Public sector wages are cut 25 percent, while pensions and unemployment benefits are slashed by 15 percent. The Romanian government is taking drastic measures to reduce the budget deficit.
President Traian Basescu announced last week that all public sector wages will be cut by 25 percent, while pensions and unemployment benefits will go down 15 percent in a move to comply with an IMF deal and reduce the budget deficit. According to an IMF forecast, Romania’s economic growth will be 0.8 percent this year, after contracting by 7.1 percent last year.
These options were chosen over a much-speculated increase in VAT to 25 percent and of the flat tax to 20 percent.
Under the terms of the loan, Romania must narrow its budget deficit to 5.9 percent of the GDP this year from 7.2 percent last year.
“It is not an easy path but it is a necessary one because at present maximum 3 million people are working in the real economy. The real economy is the one that restructured heavily in 2009. It reacted correctly to the crisis. It is the state that did not react correctly to the crisis!” Basescu said, adding that the state “looks like a very fat man that has climbed on the back of someone very thin, and this is the economy.”
The president said that the measures need to be implemented from June 1, and heads of institutions are required to prune their staff, keeping only the best workers. All salaries are expected to be affected, the president said, including the minimum wage, but the government will compensate for the difference to prevent the minimum wage from falling below RON 600.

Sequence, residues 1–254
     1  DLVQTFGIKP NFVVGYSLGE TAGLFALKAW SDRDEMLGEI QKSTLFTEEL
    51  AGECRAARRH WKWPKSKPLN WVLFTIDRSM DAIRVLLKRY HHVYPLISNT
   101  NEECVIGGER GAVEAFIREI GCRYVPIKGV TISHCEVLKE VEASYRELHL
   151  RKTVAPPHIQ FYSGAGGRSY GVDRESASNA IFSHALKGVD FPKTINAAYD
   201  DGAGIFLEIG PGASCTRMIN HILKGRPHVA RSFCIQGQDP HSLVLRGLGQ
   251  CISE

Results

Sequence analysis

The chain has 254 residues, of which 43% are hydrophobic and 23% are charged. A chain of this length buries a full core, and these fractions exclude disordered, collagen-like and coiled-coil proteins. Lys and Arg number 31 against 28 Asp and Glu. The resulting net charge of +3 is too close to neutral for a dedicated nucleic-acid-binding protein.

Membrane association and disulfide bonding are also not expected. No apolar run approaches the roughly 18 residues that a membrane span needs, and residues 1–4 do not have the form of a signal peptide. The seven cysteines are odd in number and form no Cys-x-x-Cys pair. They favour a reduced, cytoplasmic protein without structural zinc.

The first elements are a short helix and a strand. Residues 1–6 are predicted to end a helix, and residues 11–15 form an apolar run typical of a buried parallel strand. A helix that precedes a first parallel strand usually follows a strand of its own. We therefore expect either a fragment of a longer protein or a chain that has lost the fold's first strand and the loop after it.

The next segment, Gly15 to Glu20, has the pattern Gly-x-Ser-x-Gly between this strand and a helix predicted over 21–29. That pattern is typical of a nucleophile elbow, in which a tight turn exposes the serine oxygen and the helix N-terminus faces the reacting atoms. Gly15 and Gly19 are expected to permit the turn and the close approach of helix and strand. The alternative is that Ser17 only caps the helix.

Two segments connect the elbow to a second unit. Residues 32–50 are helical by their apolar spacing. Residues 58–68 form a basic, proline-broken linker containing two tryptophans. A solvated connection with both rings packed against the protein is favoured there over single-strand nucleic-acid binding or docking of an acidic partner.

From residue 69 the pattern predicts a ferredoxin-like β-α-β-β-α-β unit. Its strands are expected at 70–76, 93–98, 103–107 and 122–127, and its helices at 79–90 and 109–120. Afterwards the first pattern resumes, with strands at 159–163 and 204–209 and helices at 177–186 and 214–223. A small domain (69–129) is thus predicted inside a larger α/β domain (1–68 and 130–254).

Along with 15 percent cuts in unemployment benefits and pensions, subsidies will also be cut.
“I want you to keep in mind the following thing: public sector salaries represent 28 percent of the budget. Social expenses represent 12 percent of the GDP, which is over 35 percent of the state budget. (…) We wonder how we can allocate enough money to schools and hospitals, and for the army and the police to function,” Basescu said.
The president added that revenues to the state budget are 31 percent, while budget expenses are 41 percent, and the difference needs to be covered by restructuring the budget and social sectors. Other measures are expected like changes to the labor code to make the work force more flexible, and analyses of various taxes.
According to local newswire Mediafax, the wage cut will bring savings of RON 7 billion (around EUR 1.7 billion). According to the same newswire, over 140,000 public sector employees will be sacked by the beginning of next year in order to keep staff wage bills within the limits agreed upon by the IMF. This is the equivalent of 10 percent of employees in the public
sector being given their marching orders.
Central Bank governor Mugur Isarescu said that so far the public sector has only managed to increase its deficit, while the external imbalance was adjusted only at the expense of the private sector. He added that going back to economic growth where adjustments have not been finished is not desirable, and that it was essential for these corrections to be made as soon as possible.
Trade unions have threatened to protest against the measures. “Basescu and his people have ruined the country’s economy and we are in collapse because of their policies,” said Vasile Marica, the leader of Sed Lex trade union.
Similarly, pensioners’ organizations have criticized the announced measures.
“The likelihood that we will strike is high if these draconian measures are not abandoned,” said Marius Petcu, head of the CNSLR Fratia union, which represents about 800,000 people, quoted by
Reuters. “I think in two weeks we will know whether we will strike. We are talking about hundreds of thousands of people that need to be consulted.”